Republican legislative leadership Thursday issued a new round of subpoenas for all seven Montana Supreme Court justices and the court administrator in an ongoing inquiry into GOP claims of misconduct through the court's email system.
The Legislature, which is held by a Republican majority, has rapidly mobilized in the last week to investigate the judiciary for polling judges on pending legislation regarding the courts, while Democrats have denounced the GOP's actions as attempts to undermine the courts.
As multiple controversial bills have moved through this legislative session with GOP support, opponents have vowed to take to the courts to challenge what becomes law. That includes a broad range of bills — from revising the judicial process to allowing openly carried firearms on college campuses and restricting access to health care for transgender youth and limiting abortions.
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The nine subpoenas issued by lawmakers in the last week is a procedural outlier for the Legislature. The 2015 House Human Services Committee, then chaired by former Rep. Art Wittich, issued four legislative subpoenas over the course of that session, legislative legal services told the Montana State News Bureau this week. In 2007 the only legislative subpoena issued came from the Senate Natural Resources and Energy to the president of Northwestern Energy to provide information on shares of a Colstrip power plant unit.
Republican leadership in the state Legislature on Wednesday formed the Select Committee on Transparency and Accountability to consider potential legislation regarding what Senate President Mark Blasdel called “judicial recusal, retention of judicial emails and other documents, resources and other matters concerning the administration of the judicial branch."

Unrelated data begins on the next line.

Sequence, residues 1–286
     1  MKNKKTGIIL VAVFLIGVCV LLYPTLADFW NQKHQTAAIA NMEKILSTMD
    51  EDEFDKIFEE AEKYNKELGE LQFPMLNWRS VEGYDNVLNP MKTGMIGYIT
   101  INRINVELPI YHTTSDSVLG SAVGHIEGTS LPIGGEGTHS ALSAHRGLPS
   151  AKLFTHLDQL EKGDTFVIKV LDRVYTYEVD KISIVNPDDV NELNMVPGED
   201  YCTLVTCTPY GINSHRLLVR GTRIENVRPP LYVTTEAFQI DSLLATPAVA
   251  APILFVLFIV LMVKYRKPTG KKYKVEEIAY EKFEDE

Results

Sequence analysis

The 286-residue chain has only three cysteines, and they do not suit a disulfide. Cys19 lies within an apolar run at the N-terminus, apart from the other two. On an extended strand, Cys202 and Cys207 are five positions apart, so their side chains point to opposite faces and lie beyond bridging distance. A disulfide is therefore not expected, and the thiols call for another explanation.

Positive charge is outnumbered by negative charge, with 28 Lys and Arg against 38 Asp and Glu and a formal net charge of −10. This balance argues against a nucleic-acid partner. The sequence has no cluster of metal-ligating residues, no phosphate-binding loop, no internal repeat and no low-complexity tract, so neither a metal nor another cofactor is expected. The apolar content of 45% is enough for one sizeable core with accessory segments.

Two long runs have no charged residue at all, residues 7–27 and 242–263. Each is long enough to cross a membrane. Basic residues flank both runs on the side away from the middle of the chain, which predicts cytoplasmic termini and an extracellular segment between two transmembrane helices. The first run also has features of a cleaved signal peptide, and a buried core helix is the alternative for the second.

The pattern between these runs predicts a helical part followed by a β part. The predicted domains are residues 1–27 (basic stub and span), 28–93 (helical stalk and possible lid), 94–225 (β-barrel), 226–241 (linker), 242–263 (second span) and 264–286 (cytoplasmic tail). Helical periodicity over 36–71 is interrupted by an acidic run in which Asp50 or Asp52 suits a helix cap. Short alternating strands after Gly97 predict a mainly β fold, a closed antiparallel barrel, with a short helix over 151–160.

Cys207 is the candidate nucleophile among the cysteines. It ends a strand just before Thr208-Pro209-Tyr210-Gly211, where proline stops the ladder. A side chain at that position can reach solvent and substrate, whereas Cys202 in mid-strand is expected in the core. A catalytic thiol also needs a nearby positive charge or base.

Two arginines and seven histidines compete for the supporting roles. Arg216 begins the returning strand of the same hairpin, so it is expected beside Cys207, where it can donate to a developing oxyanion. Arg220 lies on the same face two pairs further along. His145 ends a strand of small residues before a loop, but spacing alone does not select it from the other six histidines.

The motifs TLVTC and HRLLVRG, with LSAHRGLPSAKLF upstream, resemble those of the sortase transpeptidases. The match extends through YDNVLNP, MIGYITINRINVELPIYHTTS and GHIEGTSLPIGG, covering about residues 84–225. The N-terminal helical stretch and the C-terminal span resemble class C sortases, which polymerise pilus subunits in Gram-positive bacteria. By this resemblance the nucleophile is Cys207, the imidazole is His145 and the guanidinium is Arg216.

In 2018, the Legislative Services Division's chief legal counsel issued a memo on the legislature's investigative authority. The memo stated the Legislature's ability to investigate is extended to any subject, but is simultaneously limited to purposes of enacting legislation. The Legislative Services Division, working as an instrument of the select committee formed to carry out the investigation, "may investigate and examine state government activities and may examine and inspect all records, books, and files of any department, agency, commission, board or institution of the state of Montana," the memo reads.
The subpoenas to the justices, dated Wednesday, seek any communications regarding pending legislation during the course of the 2021 session. Since one bill was signed into law, Senate Bill 140, and challenged in the Supreme Court, Republican lawmakers have been turning over court emails in search of opinions on pending legislation by any judges who may subsequently preside over a legal challenge to new laws.
In the legal challenge of SB 140, which expanded the governor's appointment power over judicial vacancies, the Montana Attorney General's Office revealed in the Supreme Court Administrator's emails a poll of judges in which 37 district court judges opposed or supported the measure.
An eighth subpoena for Supreme Court Administrator Beth McLaughlin requests she appear at 9 a.m. Monday at the state Capitol to produce her work computers, hard drives and telephones, along with any other state-issued work equipment that was used to conduct judges polls.
McLaughlin is requested to appear at the same time the newly formed Select Committee on Transparency and Accountability is set to meet Monday morning to begin working toward legislation regarding concerns of email retention and other use of state resources in the judiciary. McLaughlin's subpoena calls on her to testify at the appearance. Her attorney, Randy Cox of Helena, did not immediately return an email seeking comment on whether McLaughlin would oppose the subpoena. The committee is set to meet through the end of the session, which is likely in late April, and it is past the deadline for most legislation to get introduced and advance through the process.